Fisher focused on the probability of the evidence, given the null hypothesis, stating that a probability of less than 5% was small enough to be comfortable that the evidence was ‘significant’ and not a chance event. But why did he then proceed to infer that such significant evidence disproved the null hypothesis? That is: why did he conclude that the probability of the null hypothesis, given significant evidence, was small enough to disprove it? As we know (very well by now!), the probability of E given H is not the same as the probability of H given E. Why did Fisher seem to commit the Inverse Fallacy?

To answer this question, remember that the two probabilities are the same under two conditions: symmetric evidence and prior indifference. Under error symmetry, FPR=FNR. Hence, in our framework, where the hypothesis of no ability is the alternative to the tested hypothesis of some ability, FPR=5% implies TPR=95% and therefore PO=19 and PP=TPR=95%. The result is the same in Fisher’s framework, where the two hypotheses are – unnecessarily and confusingly – flipped around, FPR becomes FNR and the null hypothesis is rejected if FNR is less than 5%.

Since Fisher could not quantify TPR, he avoided any explicit consideration of FNR=1-TPR and its relation with FPR – symmetric or otherwise. But his rejection of the null hypothesis required it: in the same way as we should avoid the Confirmation Bias – accepting a hypothesis based on a high TPR, without relating it to its associated FPR – we need to avoid Fisher’s Bias: accepting a hypothesis – or, as Fisher would have it, disprove a null hypothesis – based on a low FPR, without relating it to its associated TPR.

What level of TPR did Fisher associate to his 5% FPR threshold? We don’t know – and probably neither did he. All he said was that a p-value of less than 5% was low enough to disprove the null hypothesis. Since then, Fisher’s Bias has been a source of immeasurable confusion. Assuming symmetry, FPR<5% has been commonly taken to imply PP>95%: ‘We have tested our theory and found it significant at the 5% level: therefore, there is only a 5% probability that we are wrong.’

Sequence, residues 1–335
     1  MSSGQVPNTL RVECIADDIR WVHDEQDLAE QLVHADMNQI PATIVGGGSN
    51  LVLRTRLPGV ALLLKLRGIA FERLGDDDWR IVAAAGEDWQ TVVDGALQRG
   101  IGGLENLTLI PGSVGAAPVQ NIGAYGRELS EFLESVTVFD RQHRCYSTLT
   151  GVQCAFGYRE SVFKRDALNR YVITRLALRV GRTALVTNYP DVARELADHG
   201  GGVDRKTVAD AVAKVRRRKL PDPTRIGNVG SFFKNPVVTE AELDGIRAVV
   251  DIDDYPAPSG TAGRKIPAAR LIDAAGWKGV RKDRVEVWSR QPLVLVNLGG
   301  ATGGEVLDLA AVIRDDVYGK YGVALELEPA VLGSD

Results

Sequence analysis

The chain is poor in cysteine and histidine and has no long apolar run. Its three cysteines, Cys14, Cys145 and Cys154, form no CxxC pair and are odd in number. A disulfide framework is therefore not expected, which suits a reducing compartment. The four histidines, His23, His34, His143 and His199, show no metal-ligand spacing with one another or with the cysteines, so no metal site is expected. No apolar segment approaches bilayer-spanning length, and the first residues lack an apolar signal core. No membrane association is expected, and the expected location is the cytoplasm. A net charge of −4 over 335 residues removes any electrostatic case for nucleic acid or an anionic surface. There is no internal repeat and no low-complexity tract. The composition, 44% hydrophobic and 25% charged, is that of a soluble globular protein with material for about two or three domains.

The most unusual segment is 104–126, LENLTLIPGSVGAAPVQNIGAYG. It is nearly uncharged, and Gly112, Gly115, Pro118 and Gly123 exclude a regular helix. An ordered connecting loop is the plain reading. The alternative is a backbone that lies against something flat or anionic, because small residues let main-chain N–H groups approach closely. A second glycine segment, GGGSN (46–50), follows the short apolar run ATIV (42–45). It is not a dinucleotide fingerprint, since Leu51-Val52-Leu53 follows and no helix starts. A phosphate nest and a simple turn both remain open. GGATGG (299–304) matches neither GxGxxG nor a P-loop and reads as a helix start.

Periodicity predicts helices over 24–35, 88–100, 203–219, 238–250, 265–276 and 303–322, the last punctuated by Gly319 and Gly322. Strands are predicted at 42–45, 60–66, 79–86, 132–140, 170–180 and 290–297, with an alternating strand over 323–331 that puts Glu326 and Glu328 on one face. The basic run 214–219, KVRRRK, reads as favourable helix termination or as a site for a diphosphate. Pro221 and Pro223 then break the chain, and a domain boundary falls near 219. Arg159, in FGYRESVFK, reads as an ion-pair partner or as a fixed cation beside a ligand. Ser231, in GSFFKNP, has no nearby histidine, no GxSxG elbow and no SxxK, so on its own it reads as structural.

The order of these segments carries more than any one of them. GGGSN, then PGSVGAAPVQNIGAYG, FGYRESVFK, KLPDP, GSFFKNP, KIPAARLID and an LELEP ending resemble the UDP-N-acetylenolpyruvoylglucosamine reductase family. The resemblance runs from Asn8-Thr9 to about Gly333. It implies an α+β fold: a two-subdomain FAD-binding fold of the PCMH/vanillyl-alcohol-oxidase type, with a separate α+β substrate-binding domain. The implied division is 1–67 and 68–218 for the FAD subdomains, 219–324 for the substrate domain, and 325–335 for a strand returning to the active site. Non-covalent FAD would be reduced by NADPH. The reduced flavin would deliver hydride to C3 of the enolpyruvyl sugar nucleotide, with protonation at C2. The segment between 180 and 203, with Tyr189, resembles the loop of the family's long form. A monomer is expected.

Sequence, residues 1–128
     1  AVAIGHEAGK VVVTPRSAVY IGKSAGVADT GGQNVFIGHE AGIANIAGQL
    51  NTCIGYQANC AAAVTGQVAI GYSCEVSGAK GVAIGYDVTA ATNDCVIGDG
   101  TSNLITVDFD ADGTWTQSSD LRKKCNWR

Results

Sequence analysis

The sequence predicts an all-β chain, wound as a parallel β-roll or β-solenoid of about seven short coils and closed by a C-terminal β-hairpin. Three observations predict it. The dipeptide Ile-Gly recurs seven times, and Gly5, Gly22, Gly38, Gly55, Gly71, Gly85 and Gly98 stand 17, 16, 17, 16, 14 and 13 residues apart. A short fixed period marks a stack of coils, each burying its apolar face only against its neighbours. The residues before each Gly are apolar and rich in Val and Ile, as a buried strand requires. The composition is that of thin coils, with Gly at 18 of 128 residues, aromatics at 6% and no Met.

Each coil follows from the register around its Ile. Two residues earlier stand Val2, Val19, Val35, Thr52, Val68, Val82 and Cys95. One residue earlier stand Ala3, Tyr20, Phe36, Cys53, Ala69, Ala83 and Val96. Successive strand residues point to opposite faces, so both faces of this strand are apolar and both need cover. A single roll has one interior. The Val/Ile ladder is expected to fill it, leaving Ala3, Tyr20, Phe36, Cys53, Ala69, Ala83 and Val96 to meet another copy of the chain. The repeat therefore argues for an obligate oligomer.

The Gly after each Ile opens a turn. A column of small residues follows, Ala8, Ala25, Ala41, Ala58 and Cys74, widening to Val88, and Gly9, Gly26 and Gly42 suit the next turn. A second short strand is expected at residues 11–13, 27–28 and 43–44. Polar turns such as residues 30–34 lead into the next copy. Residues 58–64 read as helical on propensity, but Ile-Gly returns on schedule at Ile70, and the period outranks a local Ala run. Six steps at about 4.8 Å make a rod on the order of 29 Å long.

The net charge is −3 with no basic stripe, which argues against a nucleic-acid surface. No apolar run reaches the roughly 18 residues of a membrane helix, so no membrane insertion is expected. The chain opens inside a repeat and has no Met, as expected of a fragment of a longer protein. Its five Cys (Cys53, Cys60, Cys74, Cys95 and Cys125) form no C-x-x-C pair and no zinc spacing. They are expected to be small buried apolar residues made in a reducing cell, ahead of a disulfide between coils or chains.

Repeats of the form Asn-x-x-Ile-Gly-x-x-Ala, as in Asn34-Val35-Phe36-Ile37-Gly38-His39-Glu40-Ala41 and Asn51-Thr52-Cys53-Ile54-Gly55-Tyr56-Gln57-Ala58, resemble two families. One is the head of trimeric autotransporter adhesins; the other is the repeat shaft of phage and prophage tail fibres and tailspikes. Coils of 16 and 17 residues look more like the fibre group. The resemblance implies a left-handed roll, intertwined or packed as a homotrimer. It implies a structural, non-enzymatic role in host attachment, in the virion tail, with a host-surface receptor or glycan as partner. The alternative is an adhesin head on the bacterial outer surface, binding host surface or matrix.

Fisher would have cringed at such a statement. But his emphasis on significance inadvertently encouraged it. Evidence is not significant or insignificant according to whether FPR is below or above 5%. It is confirmative or disconfirmative according to whether LR is above or below 1, i.e. TPR is above or below FPR. What matters is not the level of FPR per se, but its relation to TPR. Confirmative evidence increases the probability that the hypothesis of interest is true, and disconfirmative evidence decreases it. We accept the hypothesis of interest if we have enough evidence to move LR beyond the threshold required by our standard of proof. Only then can we call such evidence ‘significant’. So, if our threshold is 95%, then, under error symmetry and prior indifference, FPR<5% implies TPR=PP>95%. There is no fallacy: TPR – the probability of E given H – is equal to PP – the probability of H given E. And 5% significance does mean that we have enough confirmative evidence to decide that the hypothesis of interest has indeed been proven beyond reasonable doubt.

This is where Fisher’s 5% criterion comes from: Bayes’ Theorem under error symmetry and prior indifference, with a 95% standard of proof. Fisher ignored TPR, because he could not quantify it. But TPR cannot be ignored – or rather: it is there, whether one ignores it or not. Fisher’s criterion implicitly assumes that TPR is at least 95%. Without this assumption, a 5% ‘significance’ level cannot be used to accept the hypothesis of interest. Just like the Confirmation Bias consists in ignoring that a high TPR means nothing without a correspondingly low FPR, Fisher’s Bias consists in ignoring that a low FPR means nothing without a correspondingly high TPR.

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Oct 302016

The Made in Italy Fund started in May. It is up 7%, with the Italian market down 1%. It is a good time to go back to Hypothesis Testing.

We ask ourselves questions and give ourselves answers in response to thaumazein: wonder at what there is. Our questions spring from our curiosity. Our answers are grounded on evidence.

As David Hume and then Immanuel Kant made clear, all our answers are based on evidence. Everything we know cannot but be phenomena that are experienced by us as evidence. Even Kant’s synthetic a priori propositions – like those of geometry and mathematics – are ultimately based on axioms that we regards as self-evidently true.